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St. John’s University looks to sell 170-acre Oakdale campus

The exterior of the Bourne Mansion on St.

The exterior of the Bourne Mansion on St. John's University's Oakdale campus, seen in an undated photo. Photo Credit: Newsday / Karen Wiles Stabile

St. John’s University has put its 170-acre Oakdale property on the market for an unspecified amount of money, according to university officials and brokers on the sale.

The university hired the commercial real estate firm, Cushman & Wakefield, to market and broker the sale, the firm announced Thursday.

A date will be set in the near future to accept offers on the property, a spokeswoman for the firm said.

The private, nonprofit Queens-based university has owned the Oakdale site at 500 Montauk Hwy. since 1999. The campus has been used for graduate teacher education and certificate programs, and as a venue for various conferences and events.

The move follows a recent decision by the university’s board of trustees to put the property on the market.

“We are continuing to explore all future options regarding our Oakdale site. Our current graduate degree offerings at our Oakdale campus will not be affected and will run as normal. We remain committed to serving the Eastern Long Island community,” said Dominic Scianna, associate vice president for external relations at St. John’s, in an emailed statement Thursday.

University officials declined Thursday to answer questions about the sale.

The property consists of 11 buildings with an extensive lawn and sweeping views of the Great South Bay, tree-lined walkways and ivy-covered brick. The centerpiece is the Bourne Mansion, a Georgian-style mansion built in 1897. The site was originally the waterfront estate for Frederick G. Bourne, president of the Singer Sewing Machine Co.

In 1926, it was sold to the De La Salle Christian Brothers. For many years, it was the home of the LaSalle Military Academy, a private boys school that ultimately became a kindergarten-through-high school global learning community.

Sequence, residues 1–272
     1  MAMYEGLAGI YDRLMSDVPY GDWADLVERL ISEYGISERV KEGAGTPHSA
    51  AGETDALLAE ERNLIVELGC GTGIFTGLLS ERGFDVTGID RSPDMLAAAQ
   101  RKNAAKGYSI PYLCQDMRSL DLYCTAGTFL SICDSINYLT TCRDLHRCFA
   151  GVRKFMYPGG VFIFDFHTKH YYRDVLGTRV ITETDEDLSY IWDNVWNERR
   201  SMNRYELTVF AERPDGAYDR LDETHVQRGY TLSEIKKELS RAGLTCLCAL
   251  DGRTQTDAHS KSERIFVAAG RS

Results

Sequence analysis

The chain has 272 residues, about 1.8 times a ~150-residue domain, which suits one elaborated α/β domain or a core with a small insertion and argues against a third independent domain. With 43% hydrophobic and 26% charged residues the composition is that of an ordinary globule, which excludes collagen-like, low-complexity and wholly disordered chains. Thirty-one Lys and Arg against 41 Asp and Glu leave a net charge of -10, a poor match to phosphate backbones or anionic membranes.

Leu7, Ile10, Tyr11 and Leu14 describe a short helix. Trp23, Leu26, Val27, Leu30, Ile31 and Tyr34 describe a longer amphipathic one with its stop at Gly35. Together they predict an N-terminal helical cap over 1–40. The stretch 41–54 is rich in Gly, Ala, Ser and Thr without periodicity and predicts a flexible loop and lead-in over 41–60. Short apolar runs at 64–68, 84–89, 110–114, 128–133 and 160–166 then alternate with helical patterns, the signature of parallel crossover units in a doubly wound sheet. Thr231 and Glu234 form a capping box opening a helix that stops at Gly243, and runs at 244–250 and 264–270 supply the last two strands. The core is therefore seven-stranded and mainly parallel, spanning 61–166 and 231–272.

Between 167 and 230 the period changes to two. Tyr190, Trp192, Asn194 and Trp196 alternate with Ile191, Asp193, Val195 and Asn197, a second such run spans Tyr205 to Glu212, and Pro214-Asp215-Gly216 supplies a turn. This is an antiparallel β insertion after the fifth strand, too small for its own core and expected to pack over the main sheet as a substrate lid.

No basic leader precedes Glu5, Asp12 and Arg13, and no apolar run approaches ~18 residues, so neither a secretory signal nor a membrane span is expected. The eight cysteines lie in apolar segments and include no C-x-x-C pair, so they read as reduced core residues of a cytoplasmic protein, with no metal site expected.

St. John’s originally bought the property for $14.3 million in 1999, according to Suffolk County property records.

The university invested more than $10 million in renovating classrooms, laboratories and other buildings there, according to Cushman & Wakefield.

The Bourne Mansion is a popular wedding and events venue to which Great River-based Lessing’s Inc. has exclusive rights.

“We have a long-term, 25-year lease that is unaffected by who the landlord is,” chief operating officer Michael Lessing said Thursday when asked about the deal.

According to brokers, current zoning allows both continued school use and residential construction on the property.

The site’s attributes make it prime for a multitude of potential additional uses that could include health and wellness, recreation and entertainment, according to the firm.

“We anticipate interest from a broad range of prospects,” said Brian Whitmer of Cushman & Wakefield’s Metropolitan Area Capital Market Group, based in East Rutherford, New Jersey.

“The waterfront location, expansive bay views, large parcel size, frontage on the Sunrise Highway and availability of existing structures for repurposing make this a truly rare and unique opportunity given the scarcity of comparable sites on Long Island.”

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and David Reich-Hale

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